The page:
Crisis in the Classroom
November 1996 Television Documentary Reports what the Media Ignore.

Today's push for government-mandated attitudes, values, and beliefs in public schools — masquerading as education reform — is an unreported crisis in the nation's classrooms. Crisis in the Classroom, a newly-released special television report, exposes what the education elite don't want the public to know.

The documentary outlines key education issues and why they are so important. Since the 1960s, public school crime has skyrocketed, academic achievement has plummeted, and a radical social and political agenda has saturated textbooks and curriculum. At the same time, taxpayer spending on public schools has shot up from $15.6 billion annually to $230 billion.

Crisis contains exclusive interviews with the national newsmakers on the front line of education. Bill Honig, former California superintendent who first implemented the whole language method of reading, admits that it "became a cult. . . Educators were clouded by the rhetoric and the belief [behind whole language], and basically the parents were more accurate on the essentials of it than many of the educators."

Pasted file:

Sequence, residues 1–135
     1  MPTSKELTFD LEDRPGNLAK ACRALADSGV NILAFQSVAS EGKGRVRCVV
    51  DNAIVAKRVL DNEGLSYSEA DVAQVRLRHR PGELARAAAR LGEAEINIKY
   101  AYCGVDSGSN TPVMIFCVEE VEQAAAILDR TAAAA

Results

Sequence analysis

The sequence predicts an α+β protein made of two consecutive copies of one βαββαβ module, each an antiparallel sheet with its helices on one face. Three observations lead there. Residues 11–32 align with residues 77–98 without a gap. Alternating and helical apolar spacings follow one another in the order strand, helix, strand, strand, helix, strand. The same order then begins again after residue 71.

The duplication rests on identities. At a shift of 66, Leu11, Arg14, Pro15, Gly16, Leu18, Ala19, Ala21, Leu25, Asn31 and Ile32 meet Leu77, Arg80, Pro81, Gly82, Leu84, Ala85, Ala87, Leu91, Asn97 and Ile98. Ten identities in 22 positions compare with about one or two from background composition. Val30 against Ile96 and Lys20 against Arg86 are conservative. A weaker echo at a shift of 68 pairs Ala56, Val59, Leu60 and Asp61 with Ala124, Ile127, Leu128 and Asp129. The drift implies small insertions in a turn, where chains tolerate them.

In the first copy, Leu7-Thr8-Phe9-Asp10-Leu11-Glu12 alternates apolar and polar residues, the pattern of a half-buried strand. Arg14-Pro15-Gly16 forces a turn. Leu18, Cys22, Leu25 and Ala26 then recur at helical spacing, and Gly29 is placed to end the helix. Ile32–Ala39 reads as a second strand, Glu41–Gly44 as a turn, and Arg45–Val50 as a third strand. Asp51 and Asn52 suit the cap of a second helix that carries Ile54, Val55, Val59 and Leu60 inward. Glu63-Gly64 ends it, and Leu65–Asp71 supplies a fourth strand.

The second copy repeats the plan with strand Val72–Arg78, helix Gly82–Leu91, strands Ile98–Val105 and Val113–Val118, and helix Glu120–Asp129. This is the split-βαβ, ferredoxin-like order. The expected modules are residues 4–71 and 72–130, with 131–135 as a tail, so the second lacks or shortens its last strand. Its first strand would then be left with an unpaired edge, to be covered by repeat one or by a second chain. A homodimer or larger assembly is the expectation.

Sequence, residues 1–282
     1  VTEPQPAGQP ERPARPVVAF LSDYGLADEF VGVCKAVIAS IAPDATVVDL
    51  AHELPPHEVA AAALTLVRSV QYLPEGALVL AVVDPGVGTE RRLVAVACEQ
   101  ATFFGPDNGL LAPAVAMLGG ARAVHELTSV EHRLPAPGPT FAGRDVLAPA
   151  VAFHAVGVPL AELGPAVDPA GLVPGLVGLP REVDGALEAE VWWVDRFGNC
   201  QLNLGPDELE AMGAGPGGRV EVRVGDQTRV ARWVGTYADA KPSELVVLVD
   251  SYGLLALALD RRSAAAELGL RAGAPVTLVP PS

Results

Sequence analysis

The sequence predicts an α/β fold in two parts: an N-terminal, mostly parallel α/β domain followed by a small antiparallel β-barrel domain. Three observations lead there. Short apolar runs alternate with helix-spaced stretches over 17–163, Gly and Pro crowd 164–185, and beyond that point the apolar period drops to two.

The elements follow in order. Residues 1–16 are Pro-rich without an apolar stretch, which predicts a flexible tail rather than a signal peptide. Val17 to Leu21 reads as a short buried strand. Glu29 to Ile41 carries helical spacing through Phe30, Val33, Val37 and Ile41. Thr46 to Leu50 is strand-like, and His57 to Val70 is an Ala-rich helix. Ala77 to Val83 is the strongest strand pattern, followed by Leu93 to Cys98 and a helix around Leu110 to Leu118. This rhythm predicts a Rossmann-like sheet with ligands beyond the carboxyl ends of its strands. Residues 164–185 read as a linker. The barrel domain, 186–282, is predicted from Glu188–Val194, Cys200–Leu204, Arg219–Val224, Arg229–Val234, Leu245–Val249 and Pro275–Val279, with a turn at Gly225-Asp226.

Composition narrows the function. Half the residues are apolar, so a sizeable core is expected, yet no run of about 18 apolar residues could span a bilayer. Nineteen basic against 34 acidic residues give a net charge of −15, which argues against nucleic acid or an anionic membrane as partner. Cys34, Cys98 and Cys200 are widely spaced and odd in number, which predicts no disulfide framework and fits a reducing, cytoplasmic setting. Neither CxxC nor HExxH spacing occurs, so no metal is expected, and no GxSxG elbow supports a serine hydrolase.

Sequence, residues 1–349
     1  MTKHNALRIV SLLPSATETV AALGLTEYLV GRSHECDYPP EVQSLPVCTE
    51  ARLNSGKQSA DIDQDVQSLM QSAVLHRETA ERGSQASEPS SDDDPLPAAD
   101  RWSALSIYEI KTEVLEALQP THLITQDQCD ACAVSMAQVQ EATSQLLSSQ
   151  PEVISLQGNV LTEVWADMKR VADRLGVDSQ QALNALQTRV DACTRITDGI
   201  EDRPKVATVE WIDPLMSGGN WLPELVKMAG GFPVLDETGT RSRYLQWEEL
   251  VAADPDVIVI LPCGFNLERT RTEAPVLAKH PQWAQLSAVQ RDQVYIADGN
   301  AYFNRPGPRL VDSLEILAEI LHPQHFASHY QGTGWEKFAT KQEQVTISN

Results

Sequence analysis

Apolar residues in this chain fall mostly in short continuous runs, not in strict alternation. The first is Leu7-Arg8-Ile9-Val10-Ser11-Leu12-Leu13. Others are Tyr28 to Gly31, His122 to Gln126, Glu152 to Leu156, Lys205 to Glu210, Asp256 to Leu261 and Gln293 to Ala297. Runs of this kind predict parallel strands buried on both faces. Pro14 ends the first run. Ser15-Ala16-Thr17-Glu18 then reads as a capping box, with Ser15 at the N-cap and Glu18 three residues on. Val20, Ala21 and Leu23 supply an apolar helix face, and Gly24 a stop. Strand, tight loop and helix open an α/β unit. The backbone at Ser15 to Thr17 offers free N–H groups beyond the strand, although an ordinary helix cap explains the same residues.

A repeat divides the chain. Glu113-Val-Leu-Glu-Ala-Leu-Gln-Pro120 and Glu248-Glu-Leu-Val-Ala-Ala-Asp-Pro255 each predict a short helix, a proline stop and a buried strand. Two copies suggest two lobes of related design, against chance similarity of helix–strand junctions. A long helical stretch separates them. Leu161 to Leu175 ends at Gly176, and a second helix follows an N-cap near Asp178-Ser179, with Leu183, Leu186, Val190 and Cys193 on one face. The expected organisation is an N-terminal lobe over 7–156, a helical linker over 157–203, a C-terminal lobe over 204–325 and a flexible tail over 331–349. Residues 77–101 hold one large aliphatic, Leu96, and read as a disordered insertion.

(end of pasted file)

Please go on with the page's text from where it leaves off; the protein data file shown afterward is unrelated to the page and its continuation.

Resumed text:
Such failure is not merely coincidental. Part 2 of Crisis in the Classroom discusses "hidden agendas" — the history of education "reform" efforts. Since the early 20th century, U.S. educators have been heavily influenced by European philosophers whose ideals of socialism, collectivism, and atheism became the driving force behind education. The report scrutinizes the National Education Association's role in modern education and how Outcome-Based Education (OBE) facilitates the training of children as servants of the state and global economy.

The final part addresses the growing grassroots opposition to this education agenda through two effective means: literacy and political action. From California to Connecticut, parents are successfully teaching their children to read and defeating OBE in their communities. This report is an important resource for all who want to look beyond the rhetoric of education "reform" and join the growing movement to teach the basics.